Lines were long as Boichik Bagels opened its doors on Nov. 29, 2019 in Berkeley. Photo: Alix Wall
The lines at Boichik Bagels in Berkeley this week — after a New York Times article sang its praises — were as long as when it opened its doors in November 2019, pictured above. Photo: Alix Wall

Monday morning of this week started out just like any other Monday morning for Emily Winston, owner of Boichik Bagels in Berkeley. It’s one of her two days off, so she was just relaxing when the phone call came.

A friend and someone who has been following the progress of Boichik closely since it began — OK, it was this reporter — called with some incredible news: In a headline that could only be considered incendiary by many, the New York Times had just declared, “The Best Bagels are in California (Sorry, New York).

And not only that, but the author of the March 8 article, New York Times restaurant critic Tejal Rao, singled out Boichik as her new favorite.

Rao opened the article by describing how a Boichik bagel looks and smells, and then wrote the following: “This is where the writer (me), a former resident of New York City (Brooklyn), smugly tells you that these bagels are good for California bagels, excellent by West Coast standards. But no, to be clear: Emily Winston’s bagels are some of the finest New York-style bagels I’ve ever tasted. They just happen to be made in Berkeley.”

“I can die a very happy and fulfilled person now,” Winston told me about 24 hours after the article was posted. “I’ve achieved everything I set out to achieve. There’s no greater honor for a bagel shop, no further accolade past the New York Times declaring my bagels the best.”

A pile of Boichik Bagels.
New York Times food critic Tejal Rao described Boichik’s bagels as “soft and pudgy, golden roly-polys” akin to curled-up Labrador puppies. Photo: Emily Winston

The article also prominently featured Midnite Bagel, which are sold at San Francisco’s Ferry Building and Courage Bagels and Pop’s, in the Los Angeles area. Rao gave brief mentions to four other bagel shops in the L.A. area and to Daily Driver in San Francisco.

The article’s timing was noteworthy in that, on March 5, Food and Wine Magazine published a list of the 50 best bagel spots in the country, and no Bay Area purveyors made the list.

Bay Area bagel enthusiasts likely remember the 2015 New York Times Magazine cover story by local journalist Elizabeth Weil, which was headlined “Why Is it So Hard to Get a Great Bagel in California?”

Now, six years later, clearly it’s not.

(It’s worth noting that a few years before that, celebrated Jewish food writer Joan Nathan wrote in the Times that Berkeley’s Baron Bagels (available at Saul’s Deli) were “as good as Brooklyn’s.”)

Boichik opened in Berkeley in November 2019, but 23 months earlier, I wrote about how there were lines around Winston’s home in Alameda, where she was briefly selling them. New Jersey native Winston quickly became a media darling for daring to say out loud that she was trying to bring a true New York bagel — modeled after her fond memories of the old H&H — to her adopted home.

This week, not surprisingly, Winston was experiencing an onslaught. As of Tuesday, she had already shut off pre-orders for Wednesday, and she had done one interview with a New York City radio station, with other interviews (a podcast and a local TV station) lined up. The shop is closed Mondays and Tuesdays, so earlier this week, Winston procured extra flour from a local bakery friend, and still needed more, to meet the insane demand. On Wednesday at 7:30 a.m., when Boichik opened its doors, the line for walk-up orders was already wrapped around the block.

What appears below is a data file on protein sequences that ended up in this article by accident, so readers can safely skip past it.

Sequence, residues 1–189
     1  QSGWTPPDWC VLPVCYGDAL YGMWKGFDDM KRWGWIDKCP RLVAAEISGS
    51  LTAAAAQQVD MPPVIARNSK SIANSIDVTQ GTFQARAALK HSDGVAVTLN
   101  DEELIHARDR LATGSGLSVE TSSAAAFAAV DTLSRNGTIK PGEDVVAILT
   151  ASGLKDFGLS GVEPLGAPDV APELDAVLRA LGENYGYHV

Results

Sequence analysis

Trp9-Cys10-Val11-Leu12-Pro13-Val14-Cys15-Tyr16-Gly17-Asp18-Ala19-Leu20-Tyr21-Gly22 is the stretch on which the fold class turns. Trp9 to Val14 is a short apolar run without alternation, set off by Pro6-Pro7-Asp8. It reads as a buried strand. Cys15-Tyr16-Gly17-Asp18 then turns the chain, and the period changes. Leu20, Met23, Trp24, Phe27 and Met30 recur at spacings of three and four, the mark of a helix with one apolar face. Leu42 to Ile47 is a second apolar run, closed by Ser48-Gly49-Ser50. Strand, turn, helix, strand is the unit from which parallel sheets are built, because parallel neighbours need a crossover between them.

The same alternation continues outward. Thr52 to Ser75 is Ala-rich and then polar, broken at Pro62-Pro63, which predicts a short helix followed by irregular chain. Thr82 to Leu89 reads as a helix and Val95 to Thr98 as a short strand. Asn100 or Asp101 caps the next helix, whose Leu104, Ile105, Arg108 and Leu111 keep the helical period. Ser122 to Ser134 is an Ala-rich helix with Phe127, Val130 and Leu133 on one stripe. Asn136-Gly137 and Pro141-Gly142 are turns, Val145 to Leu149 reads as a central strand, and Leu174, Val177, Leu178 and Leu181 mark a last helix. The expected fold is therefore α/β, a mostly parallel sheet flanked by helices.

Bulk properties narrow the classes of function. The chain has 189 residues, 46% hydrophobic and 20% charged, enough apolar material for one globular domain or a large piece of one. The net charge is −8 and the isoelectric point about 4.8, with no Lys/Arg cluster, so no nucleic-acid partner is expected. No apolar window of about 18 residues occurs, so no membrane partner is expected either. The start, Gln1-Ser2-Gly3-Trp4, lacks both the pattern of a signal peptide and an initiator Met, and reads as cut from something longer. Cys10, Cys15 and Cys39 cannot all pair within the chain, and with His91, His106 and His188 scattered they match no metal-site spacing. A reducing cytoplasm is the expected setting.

Emily Winston stands outside of Boichik Bagels on College Avenue in Berkeley.
Boichik Bagels founder Emily Winston has spent the last two days procuring ingredients to meet the demand for her bagels after the New York Times article drummed up nationwide interest. Photo: Sarah Han

While Winston noticed bumps in business after being covered by the San Francisco Chronicle a couple of times in 2020, this was truly “next level, a much greater magnitude,” she noted. She said she was grateful her website hadn’t crashed (she could see people looking at it from all over the world). Her phone was ringing constantly, and her Instagram feed was blowing up, as well.

Also, she was getting more wholesale inquiries, with people wanting her to ship bagels to them all over the country.

“I guess the world needs something more productive to fight about than all the other things,” Winston observed, adding that this might be the biggest bagel news since actor Cynthia Nixon, then a candidate for governor in New York, declared her favorite bagel order to be lox, plain cream cheese, tomatoes, red onion and capers on a cinnamon-raisin bagel.

While Winston couldn’t be more excited (as well as overwhelmed) to deal with all the anticipated craziness of the next few weeks, and said she was grateful she had a highly capable staff, she also noted that since Boichik Bagels is kosher, her shop will close the whole week of Passover, which starts the night of March 27.

“I’m feeling really grateful for that right now,” she said, “as we can just collapse in a heap.”

A version of this story first appeared on J., the Jewish News of Northern California. Reprinted with permission.  

Alix Wall is an Oakland-based freelance writer. She is contributing editor of J., The Jewish News of Northern California, for which she has a food column and writes other features. In addition to Berkeleyside’s...